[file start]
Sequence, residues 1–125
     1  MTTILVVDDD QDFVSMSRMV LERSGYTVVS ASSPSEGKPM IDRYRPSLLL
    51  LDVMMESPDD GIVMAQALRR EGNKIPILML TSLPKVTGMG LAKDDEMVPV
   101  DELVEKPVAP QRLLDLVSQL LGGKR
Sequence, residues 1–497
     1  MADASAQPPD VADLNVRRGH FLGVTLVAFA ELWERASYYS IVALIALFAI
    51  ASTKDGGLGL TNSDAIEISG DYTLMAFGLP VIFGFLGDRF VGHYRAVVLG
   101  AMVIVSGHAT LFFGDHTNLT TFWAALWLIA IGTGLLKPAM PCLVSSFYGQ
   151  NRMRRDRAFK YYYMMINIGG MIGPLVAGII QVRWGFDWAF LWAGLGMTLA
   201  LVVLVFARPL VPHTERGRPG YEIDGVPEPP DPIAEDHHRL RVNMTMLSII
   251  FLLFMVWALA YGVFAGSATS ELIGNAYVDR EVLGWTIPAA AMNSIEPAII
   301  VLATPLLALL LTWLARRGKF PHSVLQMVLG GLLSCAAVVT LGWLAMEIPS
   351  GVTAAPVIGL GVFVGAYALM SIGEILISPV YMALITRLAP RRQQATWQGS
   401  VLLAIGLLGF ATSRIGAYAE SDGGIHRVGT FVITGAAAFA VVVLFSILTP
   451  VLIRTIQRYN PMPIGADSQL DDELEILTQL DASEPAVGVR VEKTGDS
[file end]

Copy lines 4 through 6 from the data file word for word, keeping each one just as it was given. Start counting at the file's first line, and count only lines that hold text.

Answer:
   101  DELVEKPVAP QRLLDLVSQL LGGKR
Sequence, residues 1–497
     1  MADASAQPPD VADLNVRRGH FLGVTLVAFA ELWERASYYS IVALIALFAI